George Christensen critiques our book “On Bicycles”


Christensen, left, with bike racing great Christian Vande Velde – photo by Bike_Ema

For many Grid Chicago readers, George Christensen needs no introduction. A longtime Chicago bike messenger, George is one of Chicago’s best-traveled bicyclists, having toured dozens of countries on two wheels. A movie buff, he attends many of the world’s great film fests as well, and every year he rides the entire Tour de France route. You can read about his amazing adventures on the blog George the Cyclist. When I asked Christensen to write a guest post for Grid Chicago he offered the following review of On Bicycles (New World Library 2011), a new anthology by Amy Walker, to which local author Greg Borzo and I contributed chapters.

‘Tis the season for reading and there is no shortage of bike literature out there these days. The best selection in the city can be found at Barnes and Noble at Webster and Clybourn. Besides a slew of bike magazines, it offers nearly two shelves of books on the bike, covering it all-racing, touring, fitness, mechanics and advocacy.

One that encompasses a range of topics, appealing to perhaps the widest demographic, is On Bicycles: 50 Ways the New Bike Culture Can Change Your Life. An equally appropriate subtitle, as suggested by Where to Bike Chicago author Greg Borzo, one of the book’s 34 contributors, might have been “50 Ways To Leave Your Car.” The book is a collection of 50 articles, 25 by women and 25 by men, edited by Amy Walker, a true cycling evangelist, who wrote nine of the pieces. Walker co-founded the bicycling magazine Momentum in 2001, and served as one of its publishers, editors and writers for ten years.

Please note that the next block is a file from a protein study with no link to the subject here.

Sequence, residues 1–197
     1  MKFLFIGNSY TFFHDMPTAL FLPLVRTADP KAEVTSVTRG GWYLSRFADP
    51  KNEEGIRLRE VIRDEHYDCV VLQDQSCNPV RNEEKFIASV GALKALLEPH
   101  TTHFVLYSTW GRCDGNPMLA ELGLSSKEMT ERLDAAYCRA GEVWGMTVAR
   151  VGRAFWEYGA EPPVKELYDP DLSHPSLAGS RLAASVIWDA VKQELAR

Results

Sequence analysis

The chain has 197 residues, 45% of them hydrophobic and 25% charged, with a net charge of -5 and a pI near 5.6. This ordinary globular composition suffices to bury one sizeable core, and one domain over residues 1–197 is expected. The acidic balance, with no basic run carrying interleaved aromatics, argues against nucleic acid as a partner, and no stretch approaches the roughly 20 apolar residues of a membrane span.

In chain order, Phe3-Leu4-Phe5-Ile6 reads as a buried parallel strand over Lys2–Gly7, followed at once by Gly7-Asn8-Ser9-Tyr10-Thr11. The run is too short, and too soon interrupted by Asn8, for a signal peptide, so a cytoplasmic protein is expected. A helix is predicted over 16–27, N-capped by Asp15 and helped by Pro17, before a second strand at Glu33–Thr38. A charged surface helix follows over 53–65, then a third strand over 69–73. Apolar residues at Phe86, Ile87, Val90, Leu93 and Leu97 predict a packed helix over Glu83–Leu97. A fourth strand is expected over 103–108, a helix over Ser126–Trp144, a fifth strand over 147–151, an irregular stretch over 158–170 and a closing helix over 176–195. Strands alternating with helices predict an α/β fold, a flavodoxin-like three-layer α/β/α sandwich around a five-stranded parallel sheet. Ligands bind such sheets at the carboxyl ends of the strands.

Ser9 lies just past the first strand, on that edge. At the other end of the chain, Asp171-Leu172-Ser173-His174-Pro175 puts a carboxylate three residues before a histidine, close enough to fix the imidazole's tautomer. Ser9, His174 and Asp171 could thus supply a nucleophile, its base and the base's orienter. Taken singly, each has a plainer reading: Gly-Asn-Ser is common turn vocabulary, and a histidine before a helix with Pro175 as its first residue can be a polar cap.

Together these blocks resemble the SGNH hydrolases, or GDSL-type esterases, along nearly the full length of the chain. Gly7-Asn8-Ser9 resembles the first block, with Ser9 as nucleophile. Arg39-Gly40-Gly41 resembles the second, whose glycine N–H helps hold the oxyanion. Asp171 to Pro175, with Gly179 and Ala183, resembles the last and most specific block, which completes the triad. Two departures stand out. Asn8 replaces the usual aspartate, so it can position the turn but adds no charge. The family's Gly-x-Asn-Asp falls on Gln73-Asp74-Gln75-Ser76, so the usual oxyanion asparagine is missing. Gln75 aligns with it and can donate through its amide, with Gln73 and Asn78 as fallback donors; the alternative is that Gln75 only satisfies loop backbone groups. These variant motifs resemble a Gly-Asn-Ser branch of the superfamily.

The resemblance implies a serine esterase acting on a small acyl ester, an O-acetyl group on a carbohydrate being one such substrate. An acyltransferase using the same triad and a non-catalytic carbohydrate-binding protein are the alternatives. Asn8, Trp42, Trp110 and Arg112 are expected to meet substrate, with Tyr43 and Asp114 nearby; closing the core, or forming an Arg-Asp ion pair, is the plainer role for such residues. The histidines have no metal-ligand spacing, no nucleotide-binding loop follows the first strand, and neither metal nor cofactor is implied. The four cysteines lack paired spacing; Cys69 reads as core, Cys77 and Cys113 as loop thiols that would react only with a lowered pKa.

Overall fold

Book cover

She could have easily written this book herself, but instead enlisted the expertise of a host of authorities: many journalists who have written on bicycling for years along with various specialists including a lawyer, an architect, a professor, a few planners, a mechanic, and an “enchanted unicorn.” Many of the writers are from Vancouver, where Momentum is published, and the U.S. West Coast, especially Portland, but Chicago is represented by not only Borzo, but John Greenfield, another familiar name to those who follow this website.

It is a fine mix of informative journalistic pieces and poetic odes, some that could serve as sermons to be read aloud at congregations of those faithful to the bike. They all share a passion and commitment to the bicycle. Even the more whimsical and wacky pieces offer well-reasoned and convincing arguments why everyone should bicycle more.

The book is divided into four sections: “All the Right Reasons,” “Gearing Up,” “Community and Culture,” and “Getting Serious.” There are practical, informative, advice-laden pieces on subjects such as biking with children, how to behave in a bike shop, cargo bikes, folding bikes and so on. Walker describes herself as someone who likes to bike in the rain and has a chapter on that subject.